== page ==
* a post inspired by all the lovely lists I’ve seen around the internet. If you feel inspired do share your own check-in in the comments or if you blog your answers leave a link!
The mind never seems to stop — thoughtfulness from Jeff
The gorgeous work of Taylor Allen
[video] Thrilled that this timely documentary is going to be made
Amusing Amazon reviews (thanks sister!)
I had fun talking magic with Danielle Dowling this week
“The only thing that’s important is that you really, actually make the time to show yourself + your mind + your body the love and care it deserves. Even if that comes in an un-sexy, non-Pinterest-sanctioned package.” Amen, Sarah!
Cindy Gallop is a modern day hero(ine)
And finally, the summer session of Photo Meditations is now enrolling! Can’t wait to teach this lovely class again — being on holiday completely revived my photograpy mojo :)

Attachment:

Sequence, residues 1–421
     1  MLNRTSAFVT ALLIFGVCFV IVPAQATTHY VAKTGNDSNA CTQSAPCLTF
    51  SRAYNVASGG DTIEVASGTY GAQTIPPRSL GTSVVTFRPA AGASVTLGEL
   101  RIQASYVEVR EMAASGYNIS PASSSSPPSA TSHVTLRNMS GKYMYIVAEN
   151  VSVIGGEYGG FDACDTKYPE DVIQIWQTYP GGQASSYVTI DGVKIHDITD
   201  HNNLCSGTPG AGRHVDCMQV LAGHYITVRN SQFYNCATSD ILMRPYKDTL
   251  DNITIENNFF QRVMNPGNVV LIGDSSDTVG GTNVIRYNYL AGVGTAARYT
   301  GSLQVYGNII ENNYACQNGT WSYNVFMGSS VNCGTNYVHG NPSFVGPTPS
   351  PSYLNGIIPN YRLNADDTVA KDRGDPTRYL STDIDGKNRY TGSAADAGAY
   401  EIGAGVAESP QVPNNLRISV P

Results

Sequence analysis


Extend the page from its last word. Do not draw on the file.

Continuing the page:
Happy weekend, loves! xo
We attended my cousin’s funeral yesterday. Only a few years younger than my mum, he was really more like an uncle to me. A sweet and deeply kind man, he lived a simple life with the ones he loved and it feels dreadfully unfair that the last few years of his life were plagued with illness. So many beautiful words were shared about him at his funeral, it made me wish he was there to hear them. And I’ve communed with death enough to know that he was there, but for those of us left behind it’s not enough. We want them here, in the flesh, breathing, smiling, holding our hands.